I’ll put 50 Gil on Superchicken to win.
Do you remember Big Bird? Back before all that Barney and Teletubby crap,
the Bird was the big kahuna of the children’s television world. He was a major
player, with his own licensing deals, movie plans, and numerous Swiss bank accounts.
Nowadays, he’s more like the second fiddle, what with that glory-hog Elmo grabbing
all the attention. Ehhhh. . . not that I still watch, or anything.
If you’ve been playing Final Fantasy rather than watching Sesame Street,
you’ll be familiar with everyone’s favorite video game second fiddle, Chocobo.
He (or she, or it) has been around since the Famicom’s Final Fantasy III
and even has two RPGs of his own: Chocobo’s Mysterious Dungeon 1 and 2
(to be released in the US in the future). I guess Chocobo felt the urge to spread
his wings, which is the only explanation for his starring role in yet another
go-kart driving game, Chocobo Racing.
The main game within Chocobo Racing is a 1 player story mode. Chocobo is given a pair of jet powered roller skates by Cid, the inventor. Mog soon joins Chocobo, and they go on an adventure across 9 courses, searching for friends to race against. Pretty lame, but good for a few laughs. There are other modes as well, like Grand Prix, Time attack, Versus, and a Relay mode where you switch between three characters on every lap.
The characters are deformed and cartoony versions of classic Final Fantasy
characters: Chocobo, Mog, and the black and white mages. There’s also a behemoth,
a golem, a goblin, and a fat Chocobo from the Chocobo Mysterious Dungeon
games. When you beat the game, you unlock more characters from other Square
games, such as Squall, Cloud, and Cid.
Based on your game’s performance score, you are given the option of making
one custom character. You select one of the initial nine characters and distribute
points to attributes such as acceleration, drift, and maximum speed.
The control is focused on drift style racing. It plays much like Mario
Kart, but the track design forces you to make numerous sharp brake assisted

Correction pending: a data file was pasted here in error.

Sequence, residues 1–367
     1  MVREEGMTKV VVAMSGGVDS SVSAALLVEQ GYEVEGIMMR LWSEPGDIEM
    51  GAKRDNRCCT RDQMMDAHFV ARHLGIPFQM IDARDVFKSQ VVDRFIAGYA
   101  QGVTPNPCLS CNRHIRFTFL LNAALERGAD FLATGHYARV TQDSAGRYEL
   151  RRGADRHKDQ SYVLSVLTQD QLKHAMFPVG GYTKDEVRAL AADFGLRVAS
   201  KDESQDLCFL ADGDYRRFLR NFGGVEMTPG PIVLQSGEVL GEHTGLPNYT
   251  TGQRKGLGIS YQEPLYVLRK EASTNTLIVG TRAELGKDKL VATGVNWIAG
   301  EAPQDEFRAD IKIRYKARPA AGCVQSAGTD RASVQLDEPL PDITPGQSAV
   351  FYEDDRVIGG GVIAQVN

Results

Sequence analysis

turns. Attacks and power-ups are gained by collecting power-orbs; when you collect
more of the same orb, the orb’s power increases. For example, if you collect
three “dash” orbs, you’ll be able to dash (speed up) longer. Whoo.
The graphics are colorful, but not particularly impressive. In some areas
they border on simplistic, but overall set the mood of each track nicely. The
tracks seem a bit too similar to Mario Kart (haunted castle, lava, rainbow
road, etc.), though it doesn’t get in the way.
music is average, with plenty of Final Fantasy oriented tunes. The best
music is when you beat the game; there’s an ending ballad that is strikingly
more beautiful than the rest of the music.
So why isn’t this game worth it? For starters, it’s way too easy. I
beat the Story mode in less than two hours. After mastering the controls, the
second time through took much less time. After that, there wasn’t anything to
compel me to keep playing the same game over and over again. The challenge of
the Story mode doesn’t increase. Times aren’t recorded. The only reason to play
it again is to unlock more secret characters.
The two player mode (that’s only two players, no more) is limited by only
ten tracks and the lack of a Battle mode. The orbs and ability attacks isn’t
always even; sometimes they feel too cheap, and the only thing that really counts
is speed and getting to the end.
Further, the custom character option could have been much better. If there
was some way to keep building up one character, the depth would have increased
Sadly, Chocobo Racing only amounts to yet another go-kart driving game.
The game never steps out of its Mario Kart clone roots enough to make
a lasting impression. Alas, Chocobo is not the big bird of the mascot racing